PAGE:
From Our 2013 Archives
Rheumatoid Arthritis Increases Potential for Blood Clots, Study Suggests
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People with this inflammatory form of arthritis are more than three times as likely to develop a deep vein thrombosis (a clot usually in the legs) and twice as likely to have a pulmonary thromboembolism (a clot that travels to the lungs) compared to those without the diagnosis, the new study found.
"I would call this a moderate increased risk," said Dr. Tore Kvien, editor-in-chief of the journal Annals of the Rheumatic Diseases and head of rheumatology at Diakonhjemmet Hospital in Oslo, Norway.
The research was published online Aug. 7 in the journal.
The study -- which found an association between rheumatoid arthritis and blood clots, but not a direct cause-and-effect relationship -- is the latest of several examining this link.
"This study is consistent with what our study and other published papers found," said Dr. Seoyoung Kim, assistant professor of medicine at Brigham and Women's Hospital and Harvard Medical School in Boston. In her study, Kim and her colleagues also reported an increased risk of blood clots in rheumatoid arthritis patients.
In the new study, the researchers used a national database to identify about 30,000 people who developed rheumatoid arthritis from 1998 to 2008. They monitored them through 2010 to see if the rheumatoid arthritis diagnosis affected blood clot risk.
The researchers compared the data with records for 117,000 people without rheumatoid arthritis of the same age and sex.
Even after taking into account other health conditions such as high blood pressure, surgery and cancer, those with rheumatoid arthritis were still more likely to develop the blood clots than those not diagnosed with rheumatoid arthritis.
Patients younger than 50 were especially vulnerable, the researchers found.
About 1.3 million people in the United States -- about 0.4 percent of the population -- have rheumatoid arthritis, according to the Arthritis Foundation. In rheumatoid arthritis, the immune system attacks the body's own tissues, especially the thin membrane lining the joints. This results in chronic pain and inflammation. The cause is unknown, but experts believe genetic and environmental factors are involved.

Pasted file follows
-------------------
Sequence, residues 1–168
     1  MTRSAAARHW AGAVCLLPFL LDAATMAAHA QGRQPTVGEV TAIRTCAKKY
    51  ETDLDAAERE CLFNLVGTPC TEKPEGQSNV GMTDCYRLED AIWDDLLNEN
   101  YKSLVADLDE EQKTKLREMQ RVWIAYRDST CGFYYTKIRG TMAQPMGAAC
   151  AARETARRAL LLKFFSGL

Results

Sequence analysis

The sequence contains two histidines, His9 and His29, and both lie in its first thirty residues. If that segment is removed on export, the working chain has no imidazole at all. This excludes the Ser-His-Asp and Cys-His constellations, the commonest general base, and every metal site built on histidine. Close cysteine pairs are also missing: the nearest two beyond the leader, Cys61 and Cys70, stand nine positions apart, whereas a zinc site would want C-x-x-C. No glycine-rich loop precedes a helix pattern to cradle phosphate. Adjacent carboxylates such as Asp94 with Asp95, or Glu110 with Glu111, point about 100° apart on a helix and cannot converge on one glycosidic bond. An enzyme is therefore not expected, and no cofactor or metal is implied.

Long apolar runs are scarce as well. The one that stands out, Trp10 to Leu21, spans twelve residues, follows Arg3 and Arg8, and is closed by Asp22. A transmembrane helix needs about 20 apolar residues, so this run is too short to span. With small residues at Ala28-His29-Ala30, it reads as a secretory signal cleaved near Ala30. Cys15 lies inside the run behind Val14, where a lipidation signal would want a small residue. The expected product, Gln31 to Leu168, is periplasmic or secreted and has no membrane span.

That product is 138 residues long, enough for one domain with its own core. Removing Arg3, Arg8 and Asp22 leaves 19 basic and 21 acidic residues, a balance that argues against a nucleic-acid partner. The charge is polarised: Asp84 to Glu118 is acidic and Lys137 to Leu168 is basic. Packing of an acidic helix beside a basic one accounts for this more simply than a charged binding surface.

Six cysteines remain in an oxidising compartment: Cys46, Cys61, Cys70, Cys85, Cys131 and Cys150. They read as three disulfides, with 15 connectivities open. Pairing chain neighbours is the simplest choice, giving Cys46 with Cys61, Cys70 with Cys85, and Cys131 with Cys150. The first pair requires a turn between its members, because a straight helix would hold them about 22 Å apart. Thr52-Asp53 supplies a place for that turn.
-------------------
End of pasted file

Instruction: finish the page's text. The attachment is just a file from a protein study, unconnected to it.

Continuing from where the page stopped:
Besides being aware of the link with clots, Kvien suggested that those with rheumatoid arthritis be as physically active as possible.
The researchers can't fully explain their findings, but it is thought that chronic inflammation plays a role.
The increased risk may be associated with inflammation, said Kim, or with the rheumatoid arthritis treatments.
Patients with rheumatoid arthritis who need surgery, cancer treatment or hospitalization should be placed on a clot-prevention regimen, she said. People with the disease also should try to live a healthy lifestyle to minimize the likelihood of clots.
"At this point, patients with RA should do their best to avoid modifiable risk factors for blood clots," said Dr. Diane Horowitz, a rheumatologist at North Shore University Hospital in Manhasset, N.Y., and Long Island Jewish Medical Center in New Hyde Park, N.Y. That means not smoking and avoiding prolonged periods of immobility, said Horowitz, who was not involved in the study.
Anyone with rheumatoid arthritis who has had a blood clot should discuss the new findings with their rheumatologist, Horowitz said.
To determine whether the higher risk of clots can be reduced by medication, physical activity, weight loss or not smoking, more research is needed, Kim added.
SOURCES: Seoyoung Kim, M.D., assistant professor, medicine, Brigham and Women's Hospital and Harvard Medical School, Boston; Diane Horowitz, M.D., rheumatologist, North Shore University Hospital, Manhasset, N.Y., and Long Island Jewish Medical Center, New Hyde Park, N.Y.; Tore Kvien, M.D., Ph.D., professor, rheumatology, University of Oslo, and head, rheumatology, Diakonjemmet Hospital, Oslo, Norway, and editor-in-chief, Annals of the Rheumatic Diseases; Aug. 7, 2013, Annals of the Rheumatic Diseases, online